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Amul ups the ante on baby food

December 11, 2012 12:03 IST

Gujarat Co-operative Milk Marketing Federation (GCMMF), owners of one of the largest food brands in India - Amul - is looking to push its infant food product, Amulspray, aggressively as competition in the Rs 2,500-crore (Rs 25 billion) baby-food category increases.

French company Danone, ranked No. 2 globally in baby foods after Switzerland-based Nestle, is stepping up its efforts in the category after its acquisition of Mumbai-based pharmaceutical company Wockhardt's nutrition business, including brands such as Farex, the oldest baby-food product in India, Dexolac and Nusobee.

Amul remains the most affordable of baby food brands at Rs 250-270 for a one-kg pack and Rs 130-35 for 500 grammes.

R S Sodhi, MD, GCMMF, says this is the only lever available to push the product in a category where advertising is prohibited. "We will continue pushing Amulspray via retail channels since doctor referrals is not ethical in an FMCG category such as baby foods," he says.

Farex has a share of 8 per cent in baby foods in India, coming second after Nestle, which has a share of close to 80 per cent.

Nestle's brands in India include Nestum, Nan, Lactogen, Nestogen and Cerelac. Amulspray, on the other hand, has a share below five per cent, according to industry estimates.

In a recent interaction with Business Standard, Danone's vice-president for baby nutrition in the Asia-Pacific region, Dariusz Kucz, had said the focus would be on local manufacturing as the company contemplates launching new variants in India.

Danone has a manufacturing unit in Chandigarh, Punjab, which came as part of the acquisition from Wockhardt. Here, the entire baby nutrition portfolio from Farex, Dexolac and Nusobee is manufactured.

Local manufacturing would also help the company bring down price points, since products are priced anywhere between Rs 200 and Rs 300 for a 500-gram tin, Kucz had said.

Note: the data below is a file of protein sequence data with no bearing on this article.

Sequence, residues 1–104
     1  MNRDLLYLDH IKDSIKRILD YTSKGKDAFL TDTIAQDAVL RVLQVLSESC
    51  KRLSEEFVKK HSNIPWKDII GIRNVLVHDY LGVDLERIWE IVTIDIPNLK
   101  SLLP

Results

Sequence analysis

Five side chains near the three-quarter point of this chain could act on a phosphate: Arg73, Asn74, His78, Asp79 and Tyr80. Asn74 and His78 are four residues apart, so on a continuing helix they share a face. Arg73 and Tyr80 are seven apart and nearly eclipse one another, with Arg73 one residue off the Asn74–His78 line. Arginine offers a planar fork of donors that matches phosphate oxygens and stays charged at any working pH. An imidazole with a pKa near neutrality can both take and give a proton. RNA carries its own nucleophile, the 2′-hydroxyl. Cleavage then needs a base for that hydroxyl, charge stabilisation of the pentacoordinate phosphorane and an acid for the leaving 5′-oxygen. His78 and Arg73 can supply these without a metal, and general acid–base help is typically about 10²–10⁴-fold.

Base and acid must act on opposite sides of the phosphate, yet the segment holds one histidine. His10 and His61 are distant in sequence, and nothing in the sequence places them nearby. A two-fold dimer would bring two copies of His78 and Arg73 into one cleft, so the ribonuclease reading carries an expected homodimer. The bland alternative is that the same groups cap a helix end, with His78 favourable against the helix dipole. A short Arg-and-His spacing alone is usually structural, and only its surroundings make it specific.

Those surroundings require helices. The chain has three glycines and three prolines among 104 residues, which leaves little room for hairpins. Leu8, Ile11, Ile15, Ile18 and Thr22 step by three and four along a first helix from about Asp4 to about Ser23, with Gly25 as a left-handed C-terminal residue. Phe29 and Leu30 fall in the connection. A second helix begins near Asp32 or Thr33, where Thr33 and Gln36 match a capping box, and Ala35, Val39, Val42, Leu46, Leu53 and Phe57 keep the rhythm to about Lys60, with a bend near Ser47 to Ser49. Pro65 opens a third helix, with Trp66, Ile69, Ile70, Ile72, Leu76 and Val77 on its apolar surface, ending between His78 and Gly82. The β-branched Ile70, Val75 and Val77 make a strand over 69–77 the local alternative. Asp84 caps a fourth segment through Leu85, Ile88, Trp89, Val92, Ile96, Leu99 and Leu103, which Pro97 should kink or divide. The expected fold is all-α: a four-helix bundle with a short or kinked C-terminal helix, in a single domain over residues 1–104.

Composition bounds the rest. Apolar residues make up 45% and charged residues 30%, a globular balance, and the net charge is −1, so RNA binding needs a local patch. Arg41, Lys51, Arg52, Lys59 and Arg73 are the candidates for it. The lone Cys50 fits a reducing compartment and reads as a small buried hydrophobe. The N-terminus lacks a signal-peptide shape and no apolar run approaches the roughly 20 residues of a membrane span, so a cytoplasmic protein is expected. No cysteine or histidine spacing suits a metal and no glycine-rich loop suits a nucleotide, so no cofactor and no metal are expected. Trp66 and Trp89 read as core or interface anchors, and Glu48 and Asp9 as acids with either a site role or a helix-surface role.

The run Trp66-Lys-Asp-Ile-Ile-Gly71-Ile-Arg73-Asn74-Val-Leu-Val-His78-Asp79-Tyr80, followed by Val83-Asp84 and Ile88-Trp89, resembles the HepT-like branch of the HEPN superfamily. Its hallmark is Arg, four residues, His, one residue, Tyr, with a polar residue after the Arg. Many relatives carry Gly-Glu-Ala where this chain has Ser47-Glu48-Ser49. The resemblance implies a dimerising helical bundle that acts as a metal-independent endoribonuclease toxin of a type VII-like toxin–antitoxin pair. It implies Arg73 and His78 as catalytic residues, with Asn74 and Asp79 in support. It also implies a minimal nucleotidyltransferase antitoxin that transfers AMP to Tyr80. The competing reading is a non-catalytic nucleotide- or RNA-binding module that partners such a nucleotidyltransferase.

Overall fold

Competitors such as Nestle are a bit more aggressive in their pricing thanks to local manufacturing capabilities. For instance, a 350-gram pack of Cerelac in Mumbai costs between Rs 140 and Rs 150, depending on the flavour (there are at least six to seven flavours in the marketplace). A 350-gram pack of Lactogen starts from Rs 200, while Nan costs as much as Rs 340-345 for a 450-gram pack.

But analysts say that the road-ahead for Amulspray is not likely to be easy given the hold of Nestle and Danone in the category. "These companies typically invest heavily in their products. Their research and development capabilities are strong," says Abneesh Roy, associate director (research) at Edelweiss.

Danone's head of baby nutrition in India, Laurent Marcel, had said the company proposed to leverage its expertise in nutritional science to come up with formulations that were tailor-made to Indian requirements.

Nestle is already doing that with a plethora of options in the marketplace. For instance, mothers of infants can choose between rice-based (Nestum) and wheat-based (Cerelac) products, not to mention variants available on the basis of a child's age.

Viveat Susan Pinto in Mumbai
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